Restrictive multi-record constraints

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When a record involved in a restrictive multi-record constraint is stored, the Rules Engine creates a "violation list". You can look at this list by choosing File, Transactions from the menu bar. The Rules Engine checks these violations when the transaction is committed. If one of these (possible) violations is indeed found to occur (that is, the corresponding constraint is violated), the commit will fail and the error message associated with the constraint appears.

Example

In the Travel Agency, the number of reservations for a tour cannot be overbooked by more than 20%. Once the maximum number of overbookings has been reached, no more reservations can be made. The following constraint takes care of this:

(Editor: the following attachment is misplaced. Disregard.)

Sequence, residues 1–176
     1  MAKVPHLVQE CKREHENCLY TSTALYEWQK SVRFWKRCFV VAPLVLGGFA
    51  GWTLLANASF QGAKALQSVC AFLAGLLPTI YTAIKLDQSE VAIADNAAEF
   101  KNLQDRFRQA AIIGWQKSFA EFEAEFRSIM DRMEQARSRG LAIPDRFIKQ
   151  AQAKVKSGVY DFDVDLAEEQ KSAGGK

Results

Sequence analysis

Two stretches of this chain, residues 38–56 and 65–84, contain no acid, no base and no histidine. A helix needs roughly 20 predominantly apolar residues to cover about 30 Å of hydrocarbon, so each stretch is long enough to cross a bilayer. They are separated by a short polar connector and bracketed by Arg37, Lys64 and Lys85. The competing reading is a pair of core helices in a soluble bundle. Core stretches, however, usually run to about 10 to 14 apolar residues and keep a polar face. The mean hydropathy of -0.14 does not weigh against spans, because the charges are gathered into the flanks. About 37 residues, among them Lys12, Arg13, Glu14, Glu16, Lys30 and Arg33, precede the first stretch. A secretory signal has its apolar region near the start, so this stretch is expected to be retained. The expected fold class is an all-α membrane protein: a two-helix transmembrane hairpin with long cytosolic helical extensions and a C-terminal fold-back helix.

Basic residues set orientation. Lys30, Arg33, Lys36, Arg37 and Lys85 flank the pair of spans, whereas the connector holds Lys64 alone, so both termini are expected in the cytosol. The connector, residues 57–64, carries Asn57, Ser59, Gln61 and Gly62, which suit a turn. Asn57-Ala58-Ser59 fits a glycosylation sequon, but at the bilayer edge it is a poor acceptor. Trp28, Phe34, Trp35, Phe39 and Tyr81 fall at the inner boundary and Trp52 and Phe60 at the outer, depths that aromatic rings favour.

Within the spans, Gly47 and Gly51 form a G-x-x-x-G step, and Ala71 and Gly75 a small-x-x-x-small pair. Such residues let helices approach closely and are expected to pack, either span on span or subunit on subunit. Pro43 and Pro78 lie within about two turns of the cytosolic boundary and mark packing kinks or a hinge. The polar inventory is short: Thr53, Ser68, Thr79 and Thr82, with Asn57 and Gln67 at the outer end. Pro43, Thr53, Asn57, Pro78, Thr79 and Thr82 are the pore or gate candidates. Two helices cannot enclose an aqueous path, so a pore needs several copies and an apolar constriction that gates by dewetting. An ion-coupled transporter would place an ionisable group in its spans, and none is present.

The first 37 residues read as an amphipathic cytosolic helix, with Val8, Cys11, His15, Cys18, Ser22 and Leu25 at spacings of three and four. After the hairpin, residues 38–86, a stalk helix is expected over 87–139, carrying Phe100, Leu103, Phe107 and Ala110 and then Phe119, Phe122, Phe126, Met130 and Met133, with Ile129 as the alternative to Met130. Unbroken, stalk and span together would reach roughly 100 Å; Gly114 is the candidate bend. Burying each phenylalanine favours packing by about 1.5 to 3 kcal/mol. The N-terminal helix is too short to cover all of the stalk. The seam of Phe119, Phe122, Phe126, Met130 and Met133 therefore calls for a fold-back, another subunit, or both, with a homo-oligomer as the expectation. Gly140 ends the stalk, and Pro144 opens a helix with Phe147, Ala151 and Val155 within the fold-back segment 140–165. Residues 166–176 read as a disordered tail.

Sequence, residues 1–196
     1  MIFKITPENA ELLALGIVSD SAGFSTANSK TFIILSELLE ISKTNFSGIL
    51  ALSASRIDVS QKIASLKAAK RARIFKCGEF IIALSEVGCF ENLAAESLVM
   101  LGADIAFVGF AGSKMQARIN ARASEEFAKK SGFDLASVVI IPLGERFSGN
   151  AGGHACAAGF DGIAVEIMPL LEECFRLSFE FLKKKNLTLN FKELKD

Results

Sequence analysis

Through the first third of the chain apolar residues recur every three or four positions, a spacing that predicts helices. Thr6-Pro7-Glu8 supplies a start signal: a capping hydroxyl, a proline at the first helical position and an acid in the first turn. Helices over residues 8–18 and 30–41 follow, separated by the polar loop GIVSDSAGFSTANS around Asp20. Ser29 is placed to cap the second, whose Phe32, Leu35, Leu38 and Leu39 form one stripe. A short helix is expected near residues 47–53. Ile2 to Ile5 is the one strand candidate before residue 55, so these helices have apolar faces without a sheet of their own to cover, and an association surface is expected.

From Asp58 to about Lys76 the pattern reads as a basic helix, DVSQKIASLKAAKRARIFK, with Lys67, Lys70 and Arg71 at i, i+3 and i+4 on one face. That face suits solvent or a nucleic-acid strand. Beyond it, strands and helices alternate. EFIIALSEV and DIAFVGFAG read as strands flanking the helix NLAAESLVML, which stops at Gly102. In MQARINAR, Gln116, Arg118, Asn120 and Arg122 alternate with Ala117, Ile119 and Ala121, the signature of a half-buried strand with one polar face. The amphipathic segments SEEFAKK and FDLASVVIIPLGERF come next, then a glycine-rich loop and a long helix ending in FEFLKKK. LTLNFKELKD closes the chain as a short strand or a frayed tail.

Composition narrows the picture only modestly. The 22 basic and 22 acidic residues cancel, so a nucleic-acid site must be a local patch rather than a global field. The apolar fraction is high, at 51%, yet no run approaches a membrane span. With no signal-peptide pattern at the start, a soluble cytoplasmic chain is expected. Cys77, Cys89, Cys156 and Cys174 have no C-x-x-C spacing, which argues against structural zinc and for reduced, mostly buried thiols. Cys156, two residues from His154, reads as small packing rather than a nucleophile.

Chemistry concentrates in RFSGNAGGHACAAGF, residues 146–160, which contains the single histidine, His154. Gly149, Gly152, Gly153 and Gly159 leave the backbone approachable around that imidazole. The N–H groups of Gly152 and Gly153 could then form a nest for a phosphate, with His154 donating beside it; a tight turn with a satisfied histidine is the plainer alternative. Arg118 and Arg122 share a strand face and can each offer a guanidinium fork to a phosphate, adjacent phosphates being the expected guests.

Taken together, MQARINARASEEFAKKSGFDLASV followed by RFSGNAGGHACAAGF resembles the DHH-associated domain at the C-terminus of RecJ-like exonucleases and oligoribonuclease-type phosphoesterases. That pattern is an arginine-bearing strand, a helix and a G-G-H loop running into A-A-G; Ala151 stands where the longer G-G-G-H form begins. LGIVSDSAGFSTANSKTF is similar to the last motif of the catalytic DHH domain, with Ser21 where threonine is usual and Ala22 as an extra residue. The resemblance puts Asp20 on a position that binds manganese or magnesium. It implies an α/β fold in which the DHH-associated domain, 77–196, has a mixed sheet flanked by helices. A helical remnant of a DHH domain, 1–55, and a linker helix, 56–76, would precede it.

SELECT      '' violation
FROM        schedtour s
WHERE       1.2 * s.max_part <
(
    SELECT    COUNT(*)
    FROM      reservation r
    ,         participant pt
    WHERE     r.schedtour_id = s.schedtour_id
    AND       pt.res_id = r.res_id
)

The Rules Engine evaluates this constraint whenever ANY of the columns it refers to is manipulated.

OLD()

You can use the OLD() function, or you can set transition properties for the constraint, or both, in which case you turn the constraint into a transitional constraint.

Transitional constraints are fully handled when the record is stored (record validation), that is, they are not entered on the violation list to be checked at commit time. You may not use OLD() on more than one table. Transitional constraints are only evaluated if this table (the transition table) is manipulated, not if another table mentioned in the constraint SQL statements is manipulated.

 

See also

Restrictive single-record constraints

Corrective single-record constraints

Corrective multi-record constraints